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Tampa Bay referendums include public school funding, transit tax and environmental land protection

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A Hillsborough County transportation tax referendum would levy a 1% sales tax for the next 30 years, with the proceeds going to transportation projects.

Among the referendums coming before voters in November: A 1% sales tax to go to transportation projects in Hillsborough County and a half-cent sales tax in Hernando County would go to roads and parks. A property tax to resurrect Polk County's program to preserve environmentally sensitive lands. And renewal of the Penny for Pasco.

There are four major referendums that will come before Tampa Bay area voters on November's ballot.

Nov. 8 General Election:

Hillsborough County: Transportation tax referendum

This would levy a 1% sales tax for the next 30 years, with the proceeds going to transportation projects.

According to the amendment, 45% of the proceeds would go to the Hillsborough Area Regional Transit Authority, or HART, which operates the county bus lines. Hillsborough County would split the remainder with the cities of Tampa, Temple Terrace and Plant City — based on their population. And one-half percent would be set aside for the Hillsborough Transportation Planning Organization.

If voters approve the referendum, the tax is projected to raise $342 million in its first year.

In April, county commissioners agreed to ask voters in November to approve the sales tax by a 5-2 vote, with the board's Democrats voting in favor and Republicans voting no.

A similar sales tax was approved by voters in 2018, by a margin of 57 to 43 percent. The state Supreme Court voided it last year after a legal challenge led by Republican Commissioner Stacy White. The court agreed with his contention that the tax was illegal because the spending allocations were set by a formula instead of by elected public officials.

The new amendment corrects that legal flaw.

Pasco County: Penny for Pasco sales tax

The Penny for Pasco tax is up for renewal until 2039. It was passed by voters by a margin of 70% margin in 2012.

Proceeds from the penny sales tax are divided among the county, cities and schools, including 20% targeted for environmental lands purchases.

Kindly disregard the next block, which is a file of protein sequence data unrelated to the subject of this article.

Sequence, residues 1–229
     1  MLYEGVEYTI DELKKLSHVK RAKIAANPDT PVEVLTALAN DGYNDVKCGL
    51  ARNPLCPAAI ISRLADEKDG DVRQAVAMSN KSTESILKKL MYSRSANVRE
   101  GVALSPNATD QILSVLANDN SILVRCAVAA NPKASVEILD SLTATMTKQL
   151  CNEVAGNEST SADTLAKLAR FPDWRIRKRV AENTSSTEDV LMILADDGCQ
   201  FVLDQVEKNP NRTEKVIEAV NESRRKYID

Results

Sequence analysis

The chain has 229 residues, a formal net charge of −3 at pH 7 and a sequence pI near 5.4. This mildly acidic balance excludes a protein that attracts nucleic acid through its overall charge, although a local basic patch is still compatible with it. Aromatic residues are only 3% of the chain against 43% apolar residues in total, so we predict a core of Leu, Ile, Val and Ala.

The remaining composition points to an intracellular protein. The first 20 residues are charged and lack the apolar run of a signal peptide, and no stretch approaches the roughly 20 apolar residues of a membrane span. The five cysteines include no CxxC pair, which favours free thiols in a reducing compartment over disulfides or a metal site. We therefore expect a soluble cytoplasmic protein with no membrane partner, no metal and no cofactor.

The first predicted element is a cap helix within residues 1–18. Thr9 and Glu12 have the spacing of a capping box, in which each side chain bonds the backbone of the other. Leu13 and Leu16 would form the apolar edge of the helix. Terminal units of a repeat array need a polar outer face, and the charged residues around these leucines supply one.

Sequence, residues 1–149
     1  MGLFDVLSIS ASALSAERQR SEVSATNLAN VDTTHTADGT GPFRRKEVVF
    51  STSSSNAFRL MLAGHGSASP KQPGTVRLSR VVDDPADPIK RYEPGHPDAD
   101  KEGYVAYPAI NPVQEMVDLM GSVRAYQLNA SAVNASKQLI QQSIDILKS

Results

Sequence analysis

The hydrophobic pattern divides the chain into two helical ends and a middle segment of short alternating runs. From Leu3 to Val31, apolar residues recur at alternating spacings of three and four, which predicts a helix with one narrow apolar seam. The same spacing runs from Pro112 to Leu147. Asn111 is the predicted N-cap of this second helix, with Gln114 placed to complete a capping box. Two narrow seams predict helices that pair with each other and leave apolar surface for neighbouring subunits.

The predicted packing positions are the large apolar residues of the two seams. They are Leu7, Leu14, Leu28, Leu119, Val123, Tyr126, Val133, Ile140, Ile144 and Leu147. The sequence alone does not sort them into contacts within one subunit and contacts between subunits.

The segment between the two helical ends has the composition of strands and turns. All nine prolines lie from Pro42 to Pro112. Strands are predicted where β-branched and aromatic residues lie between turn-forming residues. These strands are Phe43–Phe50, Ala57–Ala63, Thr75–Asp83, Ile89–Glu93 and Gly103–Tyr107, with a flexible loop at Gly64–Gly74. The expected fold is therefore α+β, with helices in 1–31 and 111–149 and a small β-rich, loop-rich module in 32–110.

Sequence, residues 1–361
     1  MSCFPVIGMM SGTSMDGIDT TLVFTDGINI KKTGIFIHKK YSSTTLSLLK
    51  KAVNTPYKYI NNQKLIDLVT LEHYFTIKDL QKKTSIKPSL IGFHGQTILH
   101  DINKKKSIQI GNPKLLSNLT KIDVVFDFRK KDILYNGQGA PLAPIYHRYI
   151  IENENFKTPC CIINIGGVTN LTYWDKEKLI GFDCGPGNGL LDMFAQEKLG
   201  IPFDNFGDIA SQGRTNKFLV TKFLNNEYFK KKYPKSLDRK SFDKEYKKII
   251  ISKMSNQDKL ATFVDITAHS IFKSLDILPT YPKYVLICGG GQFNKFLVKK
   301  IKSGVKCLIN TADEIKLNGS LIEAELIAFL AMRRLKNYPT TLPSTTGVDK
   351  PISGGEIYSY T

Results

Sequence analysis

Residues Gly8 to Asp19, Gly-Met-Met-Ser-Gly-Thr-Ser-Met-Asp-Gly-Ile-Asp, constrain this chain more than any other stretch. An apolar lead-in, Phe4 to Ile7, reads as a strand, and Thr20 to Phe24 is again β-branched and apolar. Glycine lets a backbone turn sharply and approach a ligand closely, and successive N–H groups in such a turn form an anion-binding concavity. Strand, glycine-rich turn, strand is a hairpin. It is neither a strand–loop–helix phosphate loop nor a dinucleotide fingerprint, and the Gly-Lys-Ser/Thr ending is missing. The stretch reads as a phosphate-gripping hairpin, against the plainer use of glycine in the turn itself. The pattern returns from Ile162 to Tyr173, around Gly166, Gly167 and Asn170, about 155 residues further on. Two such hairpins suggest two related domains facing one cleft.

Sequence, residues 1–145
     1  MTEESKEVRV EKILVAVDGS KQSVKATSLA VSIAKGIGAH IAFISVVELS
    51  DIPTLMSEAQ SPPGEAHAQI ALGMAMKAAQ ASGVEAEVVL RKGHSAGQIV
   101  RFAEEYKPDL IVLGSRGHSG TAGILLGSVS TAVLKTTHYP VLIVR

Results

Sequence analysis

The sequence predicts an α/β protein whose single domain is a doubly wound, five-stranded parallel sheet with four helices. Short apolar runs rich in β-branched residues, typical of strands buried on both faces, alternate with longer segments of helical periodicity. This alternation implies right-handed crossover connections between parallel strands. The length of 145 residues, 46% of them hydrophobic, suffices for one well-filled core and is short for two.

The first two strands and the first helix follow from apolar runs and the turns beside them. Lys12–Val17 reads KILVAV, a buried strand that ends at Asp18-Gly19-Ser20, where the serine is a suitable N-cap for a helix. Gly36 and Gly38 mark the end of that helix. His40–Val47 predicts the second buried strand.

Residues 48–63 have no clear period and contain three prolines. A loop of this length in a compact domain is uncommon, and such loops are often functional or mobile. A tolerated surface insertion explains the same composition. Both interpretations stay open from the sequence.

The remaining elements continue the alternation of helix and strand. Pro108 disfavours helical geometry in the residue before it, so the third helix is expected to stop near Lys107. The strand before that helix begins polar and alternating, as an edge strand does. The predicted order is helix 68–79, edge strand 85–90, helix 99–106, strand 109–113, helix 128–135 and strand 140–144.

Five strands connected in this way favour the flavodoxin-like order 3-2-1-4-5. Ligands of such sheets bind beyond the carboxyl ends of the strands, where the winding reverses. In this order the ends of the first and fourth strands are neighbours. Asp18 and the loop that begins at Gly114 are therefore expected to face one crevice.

It would help fund economic development, public safety vehicles and equipment, conservation of land and natural resources, transportation infrastructure improvements, and enhancements for educational facilities.

Penny for Pasco provides funding that would otherwise come from property taxes, providing tax relief to Pasco County property owners.

Polk County: Environmental lands referendum

The group "Polk Forever" wants to resurrect a property tax that was in place from 1994 to 2015.

It would levy a tax of 20 cents per $1,000 on taxable property for 20 years. It is estimated this would cost the average Polk homeowner $30 a year.

Polk’s Environmental Lands Program has been able to finance the protection of more than 26,000 acres all over Polk County since voters approved the original tax referendum in 1994.

Hernando County: Half-cent sales tax referendum

The one-half-cent sales tax referendum is slated for the November 8 ballot. If approved, the new tax rate will be effective January 1, 2023, and the generated tax revenue will be used to fund roadway and recreation projects.

A Citizen’s Oversight Committee would govern the new fund.

The additional sales tax revenue would mean extra money for roadways and recreation and a possible reduction in the millage rate for property owners. Eighty percent of the monies collected would go to road projects to relieve existing and future traffic congestion. The remaining 20% for recreation would provide additions to parks and recreational areas.

Our journalists are independent, curious, respectful, and accountable to you. We’re committed to keeping you at the center of this conversation on democracy, staying in touch through surveys, social media, and in-person events. We won’t be chasing politicians, but instead we’ll tell stories based on the questions you want answered.

Steve Newborn is a WUSF reporter and producer at WUSF covering environmental issues and politics in the Tampa Bay area.